It is worth noting that there are some welding helmets on the market with built-in respirators.
If you are someone who wears a welding mask often during the workday, this may something to consider investing in.
This preventative measure will be more up to the employer instead of the employee.
The first thing that every welding workshop should have is filtration units. These units remove all of the toxic fumes, welding smoke, and other chemicals from the air.
The unit will then return fresh, clean air to the work area.
Another system that will be effective in preventing metal fume fever is welding ventilation systems.
These systems are bigger than filtration units and can replace the local exhaust equipment.
The welding ventilation systems will remove welding dust and polluted air from the welding workspace.
The system will then bring in fresh air to keep the workplace well-ventilated.
Another way to greatly decrease the chances of metal fume fever is with education.
Employers must train workers on how to safely work in a potentially dangerous environment.
The workers should know how different chemicals react with each other and what chemical reactions can introduce certain hazards.
Employees should also be familiar with what welding processes most often result in metal fume fever.
Knowing this will encourage them to take the proper safety precautions before starting the metal-working process.
Furthermore, the workers should be familiar with all of the possible symptoms of metal fume fever.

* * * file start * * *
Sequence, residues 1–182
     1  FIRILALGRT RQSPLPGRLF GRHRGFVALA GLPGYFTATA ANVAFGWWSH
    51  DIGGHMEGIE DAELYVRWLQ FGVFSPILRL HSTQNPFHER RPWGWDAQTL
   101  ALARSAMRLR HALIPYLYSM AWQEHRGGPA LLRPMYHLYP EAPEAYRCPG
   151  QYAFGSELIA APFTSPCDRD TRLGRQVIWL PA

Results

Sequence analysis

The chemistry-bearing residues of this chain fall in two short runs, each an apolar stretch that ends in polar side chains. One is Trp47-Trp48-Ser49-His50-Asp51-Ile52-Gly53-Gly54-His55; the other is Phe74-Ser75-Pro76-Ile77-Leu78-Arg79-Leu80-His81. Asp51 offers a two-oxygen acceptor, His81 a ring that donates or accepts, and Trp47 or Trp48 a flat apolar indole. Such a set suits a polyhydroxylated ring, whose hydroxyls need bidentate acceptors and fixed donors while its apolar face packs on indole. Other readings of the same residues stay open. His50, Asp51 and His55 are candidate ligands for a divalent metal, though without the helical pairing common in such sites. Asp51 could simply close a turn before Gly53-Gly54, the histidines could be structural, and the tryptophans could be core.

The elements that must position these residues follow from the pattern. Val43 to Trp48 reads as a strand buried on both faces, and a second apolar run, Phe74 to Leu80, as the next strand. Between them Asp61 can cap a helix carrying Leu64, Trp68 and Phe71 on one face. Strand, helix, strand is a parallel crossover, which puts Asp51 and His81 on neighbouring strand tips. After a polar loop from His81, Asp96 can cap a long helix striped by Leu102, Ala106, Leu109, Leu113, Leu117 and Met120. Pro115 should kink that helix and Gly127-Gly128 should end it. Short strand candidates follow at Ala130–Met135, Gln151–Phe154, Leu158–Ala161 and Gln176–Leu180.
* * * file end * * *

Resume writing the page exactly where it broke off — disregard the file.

Many doctors cannot properly diagnose the illness since the workers do not mention that they are welders (which will affect the diagnosis and treatment).
However, if the workers can spot it themselves, they will be able to receive treatment sooner.
Follow Safety Protocols
Many pieces of welding equipment will come with the manufacturer’s instructions.
Both the employers and employees should be familiar with the instructions; this information will guide them on safely running the equipment, further avoiding injury.
The workplace should also follow the safety data sheets to ensure that the workspace runs efficiently, properly, and safely.
All of the safety protocols that the workplace follows will further prevent the release or build-up of dangerous and unnecessary welding gases.
Something worth noting in this section is an old wives tale about how to prevent metal fume fever.
You may have heard of it; you may have not. The tale is that if you drink milk before welding, it will prevent metal fume fever.
The explanation is that the body will absorb the calcium in the milk and ‘fill up’ all of the spaces where dangerous fumes, such as cadmium, can fill.
However, this is no more than a fictitious tale since the milk digests through the digestive tract. When it comes to metal fumes, the gases travel through the respiratory system.
Any process that occurs in the digestive tract will not affect the respiratory system.
When trying to prevent metal fume fever (or any other workplace illness or injury), avoid relying on word-of-mouth solutions. If you take all of the precautions listed above, you will be fine.
Metal fume fever is a respiratory illness that manifests much like the regular flu. Common symptoms include nausea, shortness of breath, fever, muscle aches, chest pain, and coughing, to name a few.
Metal fume fever can either be a mild or severe disease. For mild cases, the patient will recover in about 48 hours.
However, severe metal fume fever cases can occur if a welding worker is repeatedly exposed to metal fumes or has an underlying health condition.
In these instances, the patient may have to be hospitalized. The doctors will usually administer supplemental oxygen to help them with breathing.
You can do a few things to prevent metal fume fever, including wearing personal protective equipment, hiring someone to conduct a workplace exposure assessment, installing filtration systems, and receiving proper workplace training.